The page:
Canada Excellence Research Chair in Integrated Wireless Communication Technology. ”Demand is intensifying for secure, highly mobile systems that transfer tremendous amounts of data at increasingly high speeds. Next-generation wireless systems (fourth-generation and beyond) are now being developed to address future needs. This proposed Chair would transform telecommunication by integrating research on hardware, systems and networks to develop future wireless systems.”

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Grad students show off their research

UW graduate students will share their discoveries with the public next week at the largest research conference of its kind in Canada. The ninth annual grad student research conference, to be held Monday through Thursday under the title "Sharing Discovery", unveils research accomplishments by more than 200 Waterloo master's and doctoral students from all six faculties.

They will give poster or oral presentations on three theme areas: health, life and environment; humanities and social sciences; and physical science, mathematics and technology. All sessions will be held in the Davis Centre, starting at 8:45 a.m. each day. The event is open to the public. A program schedule and research paper abstracts are online.

"This year's edition of the conference upholds the vision of the first organizers of these annual meetings — to profile and promote excellence in graduate studies at Waterloo, to bring graduate students from all disciplines together and give them the opportunity to share their research findings, and to encourage and foster interdisciplinary research," says Bill Power, chemistry professor and associate dean of graduate studies. "This program is the latest evidence of the students' own efforts to realize this vision."

Among the topics that will be presented next week, some orally and some through posters:

  • Why Women Find Caring, Nurturing Men More Attractive During an Economic, Political Crisis — Grace Lau, psychology.
  • Response of pan-Arctic Vegetation to Recent Climate Change (1982-present) — Kristina Luus, geography and environmental management.
  • Utilizing In Situ Chemical Oxidation to Remediate Gasoline-Contaminated Soil and Groundwater — Kammy Sra, civil and environmental engineering.
  • Accommodation, Refraction and Early Literacy Skills in Children with Down Syndrome — Krithika Nandakumar, school of optometry.
  • A Multilevel Examination of School and Student Characteristics Associated with Physical Education Class Enrolment Among High School Students — Eric Hobin, health studies and gerontology.
  • Identity Management and Resource Allocation in the Network Virtualization Environment — Mosharaf Kabir Chowdhury, David R. Cheriton School of Computer Science.

This year, the conference will feature seven keynote speakers, most of whom have UW connections:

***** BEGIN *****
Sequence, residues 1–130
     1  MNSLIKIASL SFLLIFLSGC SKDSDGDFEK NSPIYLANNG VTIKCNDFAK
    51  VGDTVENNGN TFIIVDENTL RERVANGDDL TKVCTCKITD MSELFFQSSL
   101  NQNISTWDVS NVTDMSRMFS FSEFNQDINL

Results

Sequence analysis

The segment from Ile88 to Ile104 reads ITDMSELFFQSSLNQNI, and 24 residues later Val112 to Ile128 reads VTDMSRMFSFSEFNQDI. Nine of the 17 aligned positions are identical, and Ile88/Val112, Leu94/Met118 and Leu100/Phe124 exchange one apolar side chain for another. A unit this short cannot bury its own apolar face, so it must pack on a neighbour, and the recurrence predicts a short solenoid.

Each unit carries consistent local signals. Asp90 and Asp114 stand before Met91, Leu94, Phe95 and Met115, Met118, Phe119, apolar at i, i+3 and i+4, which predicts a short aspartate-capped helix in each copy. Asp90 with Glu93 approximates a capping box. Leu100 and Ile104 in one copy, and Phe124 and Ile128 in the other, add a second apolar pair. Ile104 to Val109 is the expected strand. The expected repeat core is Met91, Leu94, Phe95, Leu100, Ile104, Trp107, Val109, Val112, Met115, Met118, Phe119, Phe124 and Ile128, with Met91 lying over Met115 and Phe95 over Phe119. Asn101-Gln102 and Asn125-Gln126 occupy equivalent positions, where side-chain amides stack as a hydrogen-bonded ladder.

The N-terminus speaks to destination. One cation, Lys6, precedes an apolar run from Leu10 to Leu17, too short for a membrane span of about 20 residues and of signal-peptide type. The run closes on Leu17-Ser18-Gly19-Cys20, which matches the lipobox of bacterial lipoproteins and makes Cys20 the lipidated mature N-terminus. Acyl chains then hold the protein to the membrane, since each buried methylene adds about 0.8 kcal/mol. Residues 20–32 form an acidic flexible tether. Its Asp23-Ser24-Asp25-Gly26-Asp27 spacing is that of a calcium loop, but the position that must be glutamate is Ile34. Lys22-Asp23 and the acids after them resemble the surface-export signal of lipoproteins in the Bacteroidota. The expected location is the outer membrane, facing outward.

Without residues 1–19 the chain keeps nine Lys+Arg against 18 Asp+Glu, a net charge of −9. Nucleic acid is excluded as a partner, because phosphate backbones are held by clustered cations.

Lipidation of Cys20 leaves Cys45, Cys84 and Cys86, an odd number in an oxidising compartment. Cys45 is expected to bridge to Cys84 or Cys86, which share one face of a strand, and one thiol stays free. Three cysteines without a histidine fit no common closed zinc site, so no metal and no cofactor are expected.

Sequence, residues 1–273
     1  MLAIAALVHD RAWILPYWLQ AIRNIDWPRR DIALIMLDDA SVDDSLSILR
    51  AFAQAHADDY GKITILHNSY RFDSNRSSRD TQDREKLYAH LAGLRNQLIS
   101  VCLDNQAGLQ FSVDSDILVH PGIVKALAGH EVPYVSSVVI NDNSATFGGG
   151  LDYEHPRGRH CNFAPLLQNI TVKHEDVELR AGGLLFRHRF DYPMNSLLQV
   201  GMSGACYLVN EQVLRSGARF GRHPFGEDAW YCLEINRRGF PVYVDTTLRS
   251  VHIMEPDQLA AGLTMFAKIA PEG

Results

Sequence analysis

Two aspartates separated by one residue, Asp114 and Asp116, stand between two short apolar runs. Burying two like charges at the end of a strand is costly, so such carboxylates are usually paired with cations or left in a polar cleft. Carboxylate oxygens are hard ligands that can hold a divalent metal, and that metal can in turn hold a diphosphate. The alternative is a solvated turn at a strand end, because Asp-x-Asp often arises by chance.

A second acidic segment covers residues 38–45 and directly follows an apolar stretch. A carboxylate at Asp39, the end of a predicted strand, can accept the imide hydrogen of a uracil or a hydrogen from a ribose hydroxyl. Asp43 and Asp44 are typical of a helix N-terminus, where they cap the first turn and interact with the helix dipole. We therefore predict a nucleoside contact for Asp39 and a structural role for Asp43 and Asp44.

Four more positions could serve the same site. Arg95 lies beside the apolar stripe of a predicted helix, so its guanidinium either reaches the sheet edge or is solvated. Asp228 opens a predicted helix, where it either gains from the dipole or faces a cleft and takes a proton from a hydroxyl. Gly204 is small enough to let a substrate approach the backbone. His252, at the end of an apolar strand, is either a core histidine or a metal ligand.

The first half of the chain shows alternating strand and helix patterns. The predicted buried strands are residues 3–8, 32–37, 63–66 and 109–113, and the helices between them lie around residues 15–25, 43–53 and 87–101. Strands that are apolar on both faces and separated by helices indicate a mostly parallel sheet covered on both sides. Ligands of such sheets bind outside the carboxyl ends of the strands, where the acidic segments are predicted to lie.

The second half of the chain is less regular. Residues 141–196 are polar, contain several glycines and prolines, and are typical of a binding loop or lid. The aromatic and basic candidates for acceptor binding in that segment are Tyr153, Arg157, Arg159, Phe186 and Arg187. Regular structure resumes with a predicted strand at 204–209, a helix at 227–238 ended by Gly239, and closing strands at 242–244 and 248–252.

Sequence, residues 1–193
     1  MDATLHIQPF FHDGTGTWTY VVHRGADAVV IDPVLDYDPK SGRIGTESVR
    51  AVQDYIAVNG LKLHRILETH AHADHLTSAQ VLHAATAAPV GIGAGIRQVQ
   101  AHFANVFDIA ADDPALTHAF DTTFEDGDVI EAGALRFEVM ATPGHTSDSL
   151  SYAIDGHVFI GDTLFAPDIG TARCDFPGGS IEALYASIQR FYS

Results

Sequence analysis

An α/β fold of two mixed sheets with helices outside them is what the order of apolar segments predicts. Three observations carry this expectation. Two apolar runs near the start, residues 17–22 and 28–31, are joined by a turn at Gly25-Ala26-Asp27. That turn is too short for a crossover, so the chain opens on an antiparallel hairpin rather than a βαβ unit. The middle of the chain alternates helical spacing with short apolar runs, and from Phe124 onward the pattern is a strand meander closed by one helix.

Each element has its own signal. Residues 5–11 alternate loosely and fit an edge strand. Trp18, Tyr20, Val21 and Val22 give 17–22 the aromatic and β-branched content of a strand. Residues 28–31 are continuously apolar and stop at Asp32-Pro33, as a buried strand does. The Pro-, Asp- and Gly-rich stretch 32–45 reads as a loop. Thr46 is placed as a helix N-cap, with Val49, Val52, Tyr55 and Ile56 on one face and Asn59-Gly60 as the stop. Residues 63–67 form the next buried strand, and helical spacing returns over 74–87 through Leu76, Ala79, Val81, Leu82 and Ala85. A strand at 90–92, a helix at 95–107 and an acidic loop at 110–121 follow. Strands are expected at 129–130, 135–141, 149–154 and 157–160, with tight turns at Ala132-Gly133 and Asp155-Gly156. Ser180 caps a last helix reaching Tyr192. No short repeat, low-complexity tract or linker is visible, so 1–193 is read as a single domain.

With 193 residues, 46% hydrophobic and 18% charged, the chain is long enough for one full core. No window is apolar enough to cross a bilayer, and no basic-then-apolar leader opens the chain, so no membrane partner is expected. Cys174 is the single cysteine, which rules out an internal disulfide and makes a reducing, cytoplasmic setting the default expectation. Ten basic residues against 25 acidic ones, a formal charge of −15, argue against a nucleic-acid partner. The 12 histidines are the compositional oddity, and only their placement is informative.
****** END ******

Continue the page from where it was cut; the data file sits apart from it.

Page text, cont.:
• Adalsteinn Brown, assistant deputy minister, health system strategy division, Ontario Ministry of Health and Long-Term Care, and professor, department of health policy, management and evaluation, faculty of medicine, University of Toronto, "Translating Research into Practice: Strategies to Bridge the Gap between Researchers and Policy-Makers." Monday 1 p.m., Davis room 1350.
  • Howard Burton, founding executive director, Perimeter Institute for Theoretical Physics, "First Principles: The Crazy Business of Doing Science." Book sale and signing to follow. Tuesday 1:30 p.m., Davis room 1350.
  • Joram Piatigorsky, chief, laboratory of molecular and developmental biology, National Eye Institute, National Institutes of Health, Bethesda, Maryland, "Gene Sharing and Evolutionary Lessons From Lens and Corneal Crystallins." Tuesday 4 p.m., Davis room 1351.
  • Peter Forsyth, UW professor of computer science, "A Hamilton Jacobi Bellman Approach to Optimal Trade Execution." Tuesday 11:15 a.m., Davis room 1302.
  • John Garcia, director, population health, department of prevention and screening, Cancer Care Ontario. Untitled. Wednesday 1:30 p.m., Davis room 1350.
  • Josh Neufeld, UW professor of biology. Untitled. Wednesday 4:15 p.m., Davis room 1302.
  • Kathleen Bloom, executive director, Canadian Centre for Knowledge Mobilisation, and UW professor of psychology, "Knowledge Translation and Exchange: Moving Your Research Skills Beyond the Walls of Academia." Thursday 1:30 p.m., Davis room 1350.

The conference also plays host to several specialty sessions: vision science, biology, certificate in university teaching, aging health and well-being, and the Institute for Quantitative Finance and Insurance. The conference, organized through the office of the dean of graduate studies, has received support from the Graduate Student Association, the graduate studies endowment fund, retail services and faculty deans.